Bathroom vanities are the hardest working cabinetry in your home. They have to hold up to daily wear and tear as you get ready for work or give kids their baths. And they're constantly exposed to moisture, which is no friend to wood or wood-like materials.
Also, bathroom space usually is at a premium, so the size and location of cabinets is doubly important. A wider vanity will give you more storage, while a narrower vanity will give you more room to move around.
So many choices and decisions. Here’s a guide to selecting and placing vanity cabinets.
Fitting Vanities and Cabinets to Your Budget
You can find bathroom vanities and cabinets for any budget and style, although the lower your budget, the more limited your style choices.
Budget ($70 to $150 per linear foot): Stock cabinets are mass-produced and afford no customization. But you save money and time by buying stock.
They start at 9 inches wide and go up in 3-inch increments to 60 inches wide and come in 12-inch or 24-inch depths.
I bought a stock vanity when I added a basement bathroom recently, and I love it. You can pluck a 30-inch-wide vanity right from the shelf, no waiting time, for $150 to $500.
Better ($450 to $540 per linear foot): Semi-custom gives you more choice of size and style. You can change widths in 1-inch intervals, and depths according to manufacturer guidelines. You’ll have more choices in door styles, stains, and glazes, though not as much as in custom cabinets. Figure on waiting around three weeks for delivery.
Best ($1,200 to $1,400 per linear foot): Custom cabinets let you achieve your dream cabinet with any size, design, or color. Want a high cabinet (36-inch to 42-inch) for more storage and to reduce stooping to brush your teeth? Custom can give you that. Want beading around doors? No problem. But that customization comes at a cost in money and waiting time -- six to eight weeks.
Cabinet Construction: The Key to Quality
Bathroom cabinets must stand up to moisture and a lot of opening and closing. So construction of the box -- the bones of the cabinet -- is important.
Budget: You’ll get 1/2-inch particleboard sides; stapled, nailed, or glued drawers; and partial-opening drawer slides. This construction works best for powder room vanities, which don’t see as much wear and tear. But the moisture in full baths will eventually weaken the particleboard (it’s only made of pressed sawdust) and make it sag. Stock cabinet drawers don’t have lasting power.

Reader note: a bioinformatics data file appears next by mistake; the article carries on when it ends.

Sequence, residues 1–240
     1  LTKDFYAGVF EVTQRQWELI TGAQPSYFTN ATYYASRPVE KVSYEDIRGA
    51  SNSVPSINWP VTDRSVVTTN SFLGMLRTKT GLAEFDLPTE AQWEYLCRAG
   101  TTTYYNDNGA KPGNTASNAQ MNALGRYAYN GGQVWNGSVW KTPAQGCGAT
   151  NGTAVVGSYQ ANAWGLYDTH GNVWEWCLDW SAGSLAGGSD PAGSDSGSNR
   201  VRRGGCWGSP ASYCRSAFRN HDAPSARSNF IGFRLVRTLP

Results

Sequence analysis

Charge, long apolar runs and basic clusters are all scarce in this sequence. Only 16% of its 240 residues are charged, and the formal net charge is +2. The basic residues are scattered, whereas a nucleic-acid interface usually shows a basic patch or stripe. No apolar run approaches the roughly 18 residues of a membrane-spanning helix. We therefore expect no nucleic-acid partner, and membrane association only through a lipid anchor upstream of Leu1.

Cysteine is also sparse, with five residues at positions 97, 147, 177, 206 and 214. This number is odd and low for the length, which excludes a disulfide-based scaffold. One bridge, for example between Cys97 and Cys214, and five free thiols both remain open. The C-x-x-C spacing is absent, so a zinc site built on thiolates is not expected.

Better: Now we’re talking 1/2-inch plywood boxes -- way sturdier than particleboard -- and dovetailed drawers, which hold up better than stapled or glued drawers.
Best: Top-of-the-line construction includes 1/2-inch to 3/4-inch plywood or hardwood sides, and 5/8-inch hardwood drawers with dovetail or dowel joints. You can get full-extension drawer glides, which make it easier to see what’s in the back of drawers, and soft-close glides that eliminate banging.
Tips for Choosing Bath Vanities
- Ornate cabinets with beading are lovely, but may not be practical in bathrooms. Water from shower steam collects in beading, and you’ll have to towel them off to prevent droplets from eating away at finishes. If you do go for doodads, make sure the cabinets are sealed well.
- Unless you love mopping floors, buy base cabinets that rest on the floor, rather than on wood feet. Feet give cabinets the look of furniture, but cleaning under those cabinets is a constant chore.
- If a local craftsman builds your custom cabinets, make sure the cabinets are sealed well. If not, they won’t stand up to bathroom moisture.
- Make sure your bathroom fan is in tip-top shape to prevent the room from getting too steamy and penetrating wood cabinets.
- If you need maximum counter space, pick a vanity with an off-center sink.
Vanity Location is Vital
Once you've decided what type of bathroom vanity you want and can afford, you have to decide where to put it -- not as easy as it sounds because every square inch of bathroom space counts.
- Make sure cabinet doors have enough room to swing without hitting something or getting in the way of foot traffic. Measure the depth of vanities with doors open to make sure they fit comfortably. Building codes say the minimum allowable distance in front of vanities (and toilets) is 21 inches.
- Be sure there’s enough space over and around the vanity to install a mirror and lights. Side sconces are best for eliminating face shadows. If that’s important to you, make sure you have enough room on each side of the mirror to place lights.
- Take advantage of existing plumbing. Hooking up a new vanity to old plumbing is easy and inexpensive. But moving plumbing up, down, or across the room can cost you big bucks, considering you’ll pay a plumber typically from $45 to $65 per hour for labor alone. Of course, everything is a tradeoff. Just make sure you’ve got a darn good reason for moving plumbing around.
- Place your vanity on or near a wall that can accommodate a wall-mounted or recessed medicine cabinet or shelving, because it’s a pain to walk across the bathroom whenever you want a Q-tip. Medicine cabinets start at around $15.